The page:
Listing general proficiency with the Microsoft Office software suite on your resume is not weird, but it also may not be useful. Some hiring managers recommend that candidates only mention advanced skills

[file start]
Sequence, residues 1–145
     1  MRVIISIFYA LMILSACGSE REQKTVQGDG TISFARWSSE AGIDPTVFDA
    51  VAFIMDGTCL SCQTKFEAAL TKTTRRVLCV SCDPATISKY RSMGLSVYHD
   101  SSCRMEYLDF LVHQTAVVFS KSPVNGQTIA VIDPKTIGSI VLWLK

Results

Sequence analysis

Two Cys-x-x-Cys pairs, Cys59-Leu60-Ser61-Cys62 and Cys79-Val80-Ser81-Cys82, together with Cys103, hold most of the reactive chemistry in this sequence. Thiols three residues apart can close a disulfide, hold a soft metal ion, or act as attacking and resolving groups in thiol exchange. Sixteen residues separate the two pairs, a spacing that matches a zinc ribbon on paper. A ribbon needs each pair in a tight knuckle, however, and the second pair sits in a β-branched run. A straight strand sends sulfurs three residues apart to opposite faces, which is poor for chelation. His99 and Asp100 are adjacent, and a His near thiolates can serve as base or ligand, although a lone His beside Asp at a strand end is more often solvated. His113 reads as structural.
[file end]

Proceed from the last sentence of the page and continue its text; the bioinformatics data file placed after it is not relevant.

with specific programs. The only exception is if an employer identifies Microsoft Office as a requirement in a job description. The level of software skills required in a professional context goes beyond creating documents or spreadsheets and doing basic formatting or functions. Employers seek candidates with advanced skills who can create pivot tables in Excel or set up macros or rules in other programs. If you include your proficiency or expertise with Office, you should have the ability to back up this claim. You can always sharpen your skills in classes or with tutorials. Mention the software a position calls for rather than listing the entire Microsoft Office suite in the skills section of your resume. If you honed your skills with certain programs in a previous position, you may describe this background in a bullet point under the relevant entry of your experience section.